...readers here will recall that I am highly interested in science, and more specifically with feedback systems. I wrote the below recently to some friends explaining one of my favorite examples of feedback phenomenae.
We all know the importance of time intervals and sample periods when
looking at the markets, and it is somewhat unfortunate we lack
millions of years of data to strengthen our inferences or provide
additional hypothesis generation.
The market is rife with feedback mechanisms, both on granular (individual stocks)
and global (indexes) scales.
Fortunately, the planet earth has a wonderful temperature regulation
feedback system that serves to illuminate why global warming is a
problem of scale – humans will have to actively engineer, on a massive
scale (like blowing up the Rocky Mountains) carbon introduction into
the atmosphere in the future if we wish to live here.
The system can be characterized thusly: Plate tectonics produces
carbon dioxide through volcanic emission, carbon dioxide warms the
planet. Warming increasing weathering (surface water is a function of
temperature, as temperature rises, water evaporates leading to clouds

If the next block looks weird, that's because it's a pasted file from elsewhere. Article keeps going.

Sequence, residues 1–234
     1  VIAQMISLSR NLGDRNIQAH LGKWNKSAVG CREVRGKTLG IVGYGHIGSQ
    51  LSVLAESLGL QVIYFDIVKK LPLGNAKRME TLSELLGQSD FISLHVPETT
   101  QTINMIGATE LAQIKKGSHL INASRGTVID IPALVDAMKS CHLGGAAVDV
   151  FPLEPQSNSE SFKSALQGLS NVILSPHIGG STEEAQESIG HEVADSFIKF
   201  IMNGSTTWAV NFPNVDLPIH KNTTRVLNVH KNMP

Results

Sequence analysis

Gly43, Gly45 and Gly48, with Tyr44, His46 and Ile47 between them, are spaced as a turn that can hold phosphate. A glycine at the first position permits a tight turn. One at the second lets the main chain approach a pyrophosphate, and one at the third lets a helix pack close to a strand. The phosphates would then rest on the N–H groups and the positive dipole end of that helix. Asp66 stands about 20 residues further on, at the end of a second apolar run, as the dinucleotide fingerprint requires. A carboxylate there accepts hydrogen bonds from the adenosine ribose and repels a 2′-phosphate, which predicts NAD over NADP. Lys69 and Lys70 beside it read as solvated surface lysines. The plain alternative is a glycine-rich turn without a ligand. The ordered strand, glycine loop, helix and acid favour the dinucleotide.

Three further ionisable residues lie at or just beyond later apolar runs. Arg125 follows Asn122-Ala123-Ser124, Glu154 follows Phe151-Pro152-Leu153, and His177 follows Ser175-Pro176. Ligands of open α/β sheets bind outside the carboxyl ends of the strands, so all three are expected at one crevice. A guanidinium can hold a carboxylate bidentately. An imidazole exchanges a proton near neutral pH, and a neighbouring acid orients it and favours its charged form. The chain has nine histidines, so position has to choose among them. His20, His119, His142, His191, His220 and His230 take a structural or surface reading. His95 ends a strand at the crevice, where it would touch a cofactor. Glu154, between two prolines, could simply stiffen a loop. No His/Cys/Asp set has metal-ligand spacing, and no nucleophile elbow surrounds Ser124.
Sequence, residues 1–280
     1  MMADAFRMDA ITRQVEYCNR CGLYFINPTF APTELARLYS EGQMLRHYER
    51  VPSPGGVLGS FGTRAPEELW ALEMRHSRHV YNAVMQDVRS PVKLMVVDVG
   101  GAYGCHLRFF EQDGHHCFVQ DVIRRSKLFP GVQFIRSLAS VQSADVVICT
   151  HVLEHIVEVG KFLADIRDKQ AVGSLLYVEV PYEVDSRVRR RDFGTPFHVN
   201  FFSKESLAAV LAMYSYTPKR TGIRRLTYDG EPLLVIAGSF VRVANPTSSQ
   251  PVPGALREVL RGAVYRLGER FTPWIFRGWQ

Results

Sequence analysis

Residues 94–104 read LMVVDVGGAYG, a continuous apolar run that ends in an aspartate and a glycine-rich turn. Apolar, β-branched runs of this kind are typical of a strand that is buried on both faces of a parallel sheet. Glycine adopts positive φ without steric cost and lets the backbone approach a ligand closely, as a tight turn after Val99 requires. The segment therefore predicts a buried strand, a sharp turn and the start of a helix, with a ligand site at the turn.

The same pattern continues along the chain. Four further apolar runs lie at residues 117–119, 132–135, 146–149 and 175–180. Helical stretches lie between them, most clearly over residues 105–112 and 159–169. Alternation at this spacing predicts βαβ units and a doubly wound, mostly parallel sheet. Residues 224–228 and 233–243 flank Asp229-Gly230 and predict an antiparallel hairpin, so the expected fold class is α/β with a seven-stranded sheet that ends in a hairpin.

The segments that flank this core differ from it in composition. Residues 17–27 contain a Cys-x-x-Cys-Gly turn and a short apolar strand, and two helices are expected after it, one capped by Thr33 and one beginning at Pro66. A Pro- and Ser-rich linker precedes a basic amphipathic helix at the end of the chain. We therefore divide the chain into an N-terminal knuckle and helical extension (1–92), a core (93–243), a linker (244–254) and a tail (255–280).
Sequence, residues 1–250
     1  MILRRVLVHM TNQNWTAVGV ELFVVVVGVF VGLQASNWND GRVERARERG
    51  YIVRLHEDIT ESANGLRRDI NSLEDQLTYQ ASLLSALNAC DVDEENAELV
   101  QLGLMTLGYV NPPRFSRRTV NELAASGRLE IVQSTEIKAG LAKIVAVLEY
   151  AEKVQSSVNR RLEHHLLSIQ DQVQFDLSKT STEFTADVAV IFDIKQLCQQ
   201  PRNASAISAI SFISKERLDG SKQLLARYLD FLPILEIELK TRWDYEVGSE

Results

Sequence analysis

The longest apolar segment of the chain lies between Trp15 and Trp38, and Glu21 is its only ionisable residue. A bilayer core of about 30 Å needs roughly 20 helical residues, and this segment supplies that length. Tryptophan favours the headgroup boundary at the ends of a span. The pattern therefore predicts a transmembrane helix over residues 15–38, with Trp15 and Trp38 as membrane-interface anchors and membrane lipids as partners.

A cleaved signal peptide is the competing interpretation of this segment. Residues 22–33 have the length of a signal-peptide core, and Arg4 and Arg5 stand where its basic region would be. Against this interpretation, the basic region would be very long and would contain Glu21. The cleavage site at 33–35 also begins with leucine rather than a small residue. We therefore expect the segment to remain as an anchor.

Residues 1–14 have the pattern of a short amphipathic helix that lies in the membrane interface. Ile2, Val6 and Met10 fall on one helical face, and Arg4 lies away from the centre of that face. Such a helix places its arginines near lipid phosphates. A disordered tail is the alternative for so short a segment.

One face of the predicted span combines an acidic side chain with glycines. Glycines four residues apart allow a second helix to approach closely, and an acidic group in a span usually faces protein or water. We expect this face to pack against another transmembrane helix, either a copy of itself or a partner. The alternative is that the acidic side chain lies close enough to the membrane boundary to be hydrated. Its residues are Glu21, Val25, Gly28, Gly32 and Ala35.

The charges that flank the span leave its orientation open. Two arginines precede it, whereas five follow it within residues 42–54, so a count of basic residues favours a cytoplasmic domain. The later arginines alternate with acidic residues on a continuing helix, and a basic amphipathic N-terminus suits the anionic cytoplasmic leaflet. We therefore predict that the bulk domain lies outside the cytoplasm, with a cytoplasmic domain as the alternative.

and subsequent erosion). Carbon dioxide then attaches chemically to
silicate rocks experiencing weathering. This process removes the C02
from the atmosphere and cools the planet. Carbon Dioxide is
introduced again by volcanic emission (and water is needed here as
well for subduction), and on and on.
This process that has kept the Planet at a relatively constant
temperature (never below freezing and never above boiling) for around
4.5 Billion years. Planets need land, water, and plate tectonics to
achieve this system that is very good for carrying life. An oceanic
planet would not be a very nice place to live, and likely would not
remain that way for long as the lack of temperature regulation would
likely boil the planet. (in the spirit of good taste, I will withhold
jokes regarding a certain movie starring Kevin Costner, as said movie
has already experiences too much suffering)
This feedback loop is interesting to me because of its massive time
scale. In the long run (geologic scale), we should be more worried
about making more CO2. But on relatively short scales (hundreds of
years), we may have a problem with increased temperatures due to our
Looking at the markets, it is very clear what the "geologic" drift is,
caused by an extremely complex feedback system of its own…but when you
zoom in closer, it becomes apparent that too much on one side of the
differential equation can kill 90% of "oxygen-dependent species".
Life does go on, but it takes a different scale of time for that to